Thursday, September 06, 2007

"Conceptional" Disclosure Sinks Patent Under 35 U.S.C. 112(1)

Automotive Technologies International, Inc. v. BMW of North America, Inc. (2006-1013, -1037), September 6, 2007 (link)

During litigation, the district court invalidated ATI's patent under 35 U.S.C. 112, first paragraph for failing to comply with the written description requirement and lack of enablement.

ATI's patent dealt with a crash sensing device for deployment in an "occupant protection apparatus" (e.g., airbag) during an impact or crash involving the side of a vehicle. The invention was directed to a velocity-type sensor placed in a position within a vehicle on order to sense a side impact. The sensor was considered an improvement over "crush sensors" which triggered only when they were crushed or deformed.

The district court construed the relevant phrase "means responsive to the motion of said mass" to include both mechanical side impact sensors and electronic side impact sensors for performing the function of initiating an occupant protection apparatus. The problem was that the specification only provided details on the mechanical side, with little left over for the electronic side:

Considering first the specification, although two full columns and five figures of the ’253 patent detail mechanical side impact sensors, only one short paragraph and one figure relate to an electronic sensor. Importantly, that paragraph and figure do little more than provide an overview of an electronic sensor without providing any details of how the electronic sensor operates . . . The specification even states that Figure 11 is a "conceptional view" of an electronic sensor. This is supported by the statement of one of the inventors that Figure 11 "is not meant to represent any specific design or sensor or anything, just a concept."

Moreover, the textual description of Figure 11, which is the only description of an electronic sensor in the patent, provides little detail concerning how the electronic sensor is built or operated . . . That general description, however, fails to provide a structure or description of how a person having ordinary skill in the art would make or use an electronic side impact sensor. Indeed, inventor Breed admitted that the specification fails to disclose structure for any of the technologies mentioned. Noticeably absent is any discussion of the circuitry involved in the electronic side impact sensor that would provide more detail on how the sensor operates. The mere boxed figure of the electronic sensor and the few lines of description fail to apprise one of ordinary skill how to make and use the electronic sensor.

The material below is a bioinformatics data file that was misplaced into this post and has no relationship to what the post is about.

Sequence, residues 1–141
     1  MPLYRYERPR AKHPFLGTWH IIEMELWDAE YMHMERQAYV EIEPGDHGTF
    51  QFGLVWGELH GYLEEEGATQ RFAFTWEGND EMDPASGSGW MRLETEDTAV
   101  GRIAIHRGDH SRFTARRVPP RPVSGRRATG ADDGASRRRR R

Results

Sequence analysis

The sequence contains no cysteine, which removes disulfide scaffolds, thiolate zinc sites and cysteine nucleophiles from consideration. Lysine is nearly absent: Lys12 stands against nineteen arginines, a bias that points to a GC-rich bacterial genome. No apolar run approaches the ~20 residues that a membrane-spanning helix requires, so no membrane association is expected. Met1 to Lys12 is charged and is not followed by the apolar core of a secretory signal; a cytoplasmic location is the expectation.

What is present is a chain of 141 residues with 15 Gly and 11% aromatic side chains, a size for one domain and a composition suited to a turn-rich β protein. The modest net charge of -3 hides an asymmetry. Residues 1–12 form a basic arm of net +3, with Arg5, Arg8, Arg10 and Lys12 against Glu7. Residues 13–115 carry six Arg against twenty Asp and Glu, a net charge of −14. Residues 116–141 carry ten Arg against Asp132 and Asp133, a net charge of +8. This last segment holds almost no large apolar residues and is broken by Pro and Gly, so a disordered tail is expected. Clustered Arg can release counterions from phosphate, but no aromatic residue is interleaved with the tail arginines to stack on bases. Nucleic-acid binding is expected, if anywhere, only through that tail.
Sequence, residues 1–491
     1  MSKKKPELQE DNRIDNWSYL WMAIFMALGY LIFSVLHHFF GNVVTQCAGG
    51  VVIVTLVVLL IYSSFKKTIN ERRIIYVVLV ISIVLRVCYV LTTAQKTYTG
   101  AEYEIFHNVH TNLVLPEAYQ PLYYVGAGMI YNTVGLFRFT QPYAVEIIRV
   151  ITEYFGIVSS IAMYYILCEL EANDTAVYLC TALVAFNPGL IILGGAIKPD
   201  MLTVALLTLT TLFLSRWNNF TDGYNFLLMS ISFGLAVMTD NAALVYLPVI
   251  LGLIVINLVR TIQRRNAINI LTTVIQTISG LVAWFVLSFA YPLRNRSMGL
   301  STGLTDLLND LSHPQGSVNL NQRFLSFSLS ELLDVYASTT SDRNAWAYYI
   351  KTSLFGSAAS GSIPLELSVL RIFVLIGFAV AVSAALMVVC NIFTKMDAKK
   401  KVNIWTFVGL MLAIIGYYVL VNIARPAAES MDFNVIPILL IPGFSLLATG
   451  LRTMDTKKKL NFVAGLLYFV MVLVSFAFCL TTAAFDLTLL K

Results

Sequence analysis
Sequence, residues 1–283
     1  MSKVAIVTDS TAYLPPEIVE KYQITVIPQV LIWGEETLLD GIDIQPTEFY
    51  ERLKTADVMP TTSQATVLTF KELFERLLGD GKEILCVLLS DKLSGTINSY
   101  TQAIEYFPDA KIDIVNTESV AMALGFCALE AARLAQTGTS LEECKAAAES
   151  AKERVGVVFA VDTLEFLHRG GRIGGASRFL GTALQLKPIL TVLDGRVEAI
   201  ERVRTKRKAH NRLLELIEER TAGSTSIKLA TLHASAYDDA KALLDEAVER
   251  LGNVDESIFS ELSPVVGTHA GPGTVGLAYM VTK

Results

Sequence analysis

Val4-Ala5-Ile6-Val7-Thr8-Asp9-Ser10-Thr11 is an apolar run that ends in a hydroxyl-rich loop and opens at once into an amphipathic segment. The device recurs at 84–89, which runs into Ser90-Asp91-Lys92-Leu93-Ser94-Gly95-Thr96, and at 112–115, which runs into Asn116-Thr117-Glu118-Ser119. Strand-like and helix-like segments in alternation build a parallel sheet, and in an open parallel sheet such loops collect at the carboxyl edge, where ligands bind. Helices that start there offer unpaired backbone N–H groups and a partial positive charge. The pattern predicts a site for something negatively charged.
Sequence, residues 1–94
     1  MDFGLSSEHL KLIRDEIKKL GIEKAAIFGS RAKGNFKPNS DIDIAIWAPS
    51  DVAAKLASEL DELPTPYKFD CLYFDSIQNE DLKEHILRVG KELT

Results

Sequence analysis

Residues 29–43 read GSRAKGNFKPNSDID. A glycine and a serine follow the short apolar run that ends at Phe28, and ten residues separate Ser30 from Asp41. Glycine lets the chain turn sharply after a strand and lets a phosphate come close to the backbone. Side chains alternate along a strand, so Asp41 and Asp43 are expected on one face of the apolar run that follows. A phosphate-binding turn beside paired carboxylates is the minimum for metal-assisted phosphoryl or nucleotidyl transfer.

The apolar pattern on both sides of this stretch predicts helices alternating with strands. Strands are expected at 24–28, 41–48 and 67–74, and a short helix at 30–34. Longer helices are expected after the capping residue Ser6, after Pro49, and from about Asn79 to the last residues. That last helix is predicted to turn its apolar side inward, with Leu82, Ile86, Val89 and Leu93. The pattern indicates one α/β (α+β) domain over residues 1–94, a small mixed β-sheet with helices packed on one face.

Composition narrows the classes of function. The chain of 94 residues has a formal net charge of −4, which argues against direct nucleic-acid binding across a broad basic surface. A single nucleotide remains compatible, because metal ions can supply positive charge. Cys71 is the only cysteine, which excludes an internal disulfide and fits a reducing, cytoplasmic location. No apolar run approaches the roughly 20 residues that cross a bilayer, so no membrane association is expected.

ATI argued that despite the limited disclosure, the knowledge of one skilled in the art was sufficient to supply the missing information. The CAFC disagreed:
In Genentech, Inc. v. Novo Nordisk A/S, 108 F.3d 1361, 1366 (Fed. Cir. 1997), we stated: "It is the specification, not the knowledge of one skilled in the art, that must supply the novel aspects of an invention in order to constitute adequate enablement." Although the knowledge of one skilled in the art is indeed relevant, the novel aspect of an invention must be enabled in the patent. The novel aspect of this invention is using a velocity-type sensor for side impact sensing. During prosecution, ATI stated that prior to its invention, "it was assumed that [conventional] inertial sensors would actuate too slowly to deploy an air bag in a side impact situation" and also that it "was unexpected that frontal impact sensors, properly designed, would work in sensing side impacts." ATI further stated that the "essential concept of the
invention" is to use "an inertial or acceleration sensor on a motor vehicle for sensing side impacts." Thus, according to ATI, using inertial or acceleration sensors to sense side impacts represented a "breakthrough" in side impact crash sensing. Given that the novel aspect of the invention is side impact sensors, it is insufficient to merely state that known technologies can be used to create an electronic sensor . . . [w]hen there is no disclosure of any specific starting material or of any of the conditions
under which a process can be carried out, undue experimentation is required.


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